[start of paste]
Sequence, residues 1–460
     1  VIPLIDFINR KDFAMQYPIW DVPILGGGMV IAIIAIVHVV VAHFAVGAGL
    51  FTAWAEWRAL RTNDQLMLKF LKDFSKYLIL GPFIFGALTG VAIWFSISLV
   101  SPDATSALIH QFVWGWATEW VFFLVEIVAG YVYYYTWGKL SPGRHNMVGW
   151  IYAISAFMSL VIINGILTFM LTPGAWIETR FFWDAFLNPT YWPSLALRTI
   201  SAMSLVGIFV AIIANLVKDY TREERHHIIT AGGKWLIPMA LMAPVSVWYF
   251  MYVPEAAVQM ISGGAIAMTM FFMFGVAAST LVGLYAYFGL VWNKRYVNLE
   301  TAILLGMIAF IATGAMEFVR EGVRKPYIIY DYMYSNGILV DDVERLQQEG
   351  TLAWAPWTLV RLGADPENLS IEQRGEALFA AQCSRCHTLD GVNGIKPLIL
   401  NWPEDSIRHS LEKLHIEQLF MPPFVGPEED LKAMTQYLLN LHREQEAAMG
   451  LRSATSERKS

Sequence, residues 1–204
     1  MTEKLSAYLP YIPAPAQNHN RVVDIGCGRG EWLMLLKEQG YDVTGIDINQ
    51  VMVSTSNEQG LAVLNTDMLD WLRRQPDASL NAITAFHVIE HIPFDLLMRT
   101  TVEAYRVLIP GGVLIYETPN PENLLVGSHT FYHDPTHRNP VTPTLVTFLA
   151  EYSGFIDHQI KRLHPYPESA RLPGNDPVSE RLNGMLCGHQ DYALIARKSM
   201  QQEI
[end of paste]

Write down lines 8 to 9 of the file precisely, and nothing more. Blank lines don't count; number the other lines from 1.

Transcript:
   301  TAILLGMIAF IATGAMEFVR EGVRKPYIIY DYMYSNGILV DDVERLQQEG
   351  TLAWAPWTLV RLGADPENLS IEQRGEALFA AQCSRCHTLD GVNGIKPLIL